No, really, I don’t need a ride. But thanks for asking.


People, who use bicycles for the kinds of trips that most folks make by car, are familiar with the question:

“Do you need a lift?”

Well-intentioned offers of vehicular assistance can be triggered by any number of circumstances, which cause people to wonder if you really want to go by bike. Inclement weather, nightfall, heavy or cumbersome loads, Mondays — any of these can be viewed as barriers to cycling. Transit riders are also popular targets for friendly folks who like to offer rides. I learned not to wait at the bus stop right out in front of my office. Last time I did that, I was barraged by ride offers from my coworkers. Walking to a stop a block or so away allowed me to wait  for the bus in peace.

The truth is, as a nation, we have vastly overestimated the amount of travel that must be done by car.

When the weather is miserable, as it was on Friday, I’m often tempted to drive. But then I think about what it must have been like for Gen. James Oglethorpe and the colonists who founded Savannah in 1733. They didn’t have the luxury of jumping in their cars when the skies opened up. They braved the rain on their bicycles and so can I!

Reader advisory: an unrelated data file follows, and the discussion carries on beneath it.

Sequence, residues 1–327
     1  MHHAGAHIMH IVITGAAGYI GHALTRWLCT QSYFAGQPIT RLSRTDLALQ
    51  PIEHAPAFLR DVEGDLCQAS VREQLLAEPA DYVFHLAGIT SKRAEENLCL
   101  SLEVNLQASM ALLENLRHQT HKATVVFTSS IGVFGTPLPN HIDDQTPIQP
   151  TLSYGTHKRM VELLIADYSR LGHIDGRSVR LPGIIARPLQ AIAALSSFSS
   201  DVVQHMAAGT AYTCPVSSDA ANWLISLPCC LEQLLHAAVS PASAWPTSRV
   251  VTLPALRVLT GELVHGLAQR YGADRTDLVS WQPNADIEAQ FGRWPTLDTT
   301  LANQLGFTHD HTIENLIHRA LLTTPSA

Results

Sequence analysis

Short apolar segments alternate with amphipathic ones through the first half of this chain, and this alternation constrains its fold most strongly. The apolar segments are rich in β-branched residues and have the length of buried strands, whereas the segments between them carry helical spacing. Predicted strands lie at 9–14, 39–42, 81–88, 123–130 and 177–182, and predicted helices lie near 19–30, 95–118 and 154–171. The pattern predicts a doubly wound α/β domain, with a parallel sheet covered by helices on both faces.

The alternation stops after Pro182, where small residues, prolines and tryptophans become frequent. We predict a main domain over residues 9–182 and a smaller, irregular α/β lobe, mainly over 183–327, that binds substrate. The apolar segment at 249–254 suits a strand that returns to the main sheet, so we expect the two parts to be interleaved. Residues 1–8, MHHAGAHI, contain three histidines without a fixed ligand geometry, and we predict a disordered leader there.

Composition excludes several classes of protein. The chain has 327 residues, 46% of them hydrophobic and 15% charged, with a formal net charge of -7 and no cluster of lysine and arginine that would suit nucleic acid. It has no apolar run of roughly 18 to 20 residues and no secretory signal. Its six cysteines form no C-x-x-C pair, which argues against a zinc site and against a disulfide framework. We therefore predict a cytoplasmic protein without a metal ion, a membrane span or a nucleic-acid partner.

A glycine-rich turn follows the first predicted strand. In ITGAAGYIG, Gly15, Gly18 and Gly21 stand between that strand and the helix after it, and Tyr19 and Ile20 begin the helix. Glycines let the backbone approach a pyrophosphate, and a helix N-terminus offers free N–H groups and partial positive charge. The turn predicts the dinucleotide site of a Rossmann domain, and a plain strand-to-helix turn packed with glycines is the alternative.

All kidding aside, with the proper bike you can do all kinds of things. This afternoon I transported a 6-foot Type III wooden ladder about two and a half miles, using my Xtracycle. This, frankly, would have been more difficult in some of the cars I’ve owned.

This entry was posted in Transportation on by .

About John Bennett

Transportation, land use, local farming and green building are all potential topics for Sustainable Savannah. The goal is to aggregate content about local events and projects, so there will be a central place to review everything that’s happening. The site is aimed at encouraging collaboration and information sharing between groups and individuals currently engaged in sustainability efforts. The site can also provide a snapshot of Savannah for green-minded people who are considering visiting or moving to the area.

One thought on “No, really, I don’t need a ride. But thanks for asking.

  1. xiousgeonz

    I was just telling an audience of three that one of the unexpected psychological side effects of cycling is that it is like going “back to nature.” When we’re out doin’ in nature, we feel more fully alive because we *have* to think and respond, and because we have to take what nature gives us. We feel that Special Oneness and talk to the squirrels and all that silliness.
    When I’m cycling, I feel that same odd fondness (for just about everything except the squirrels) and the same eagerness to embrace the challenge of being more fully alive. What I do, matters and has a real impact. The sad thing is that that is every bit as true if I”m in a belchmobile… but I’m insulated from the question.
    I love reframing “should I ride?” into “what can I do with this weather so I can ride?”

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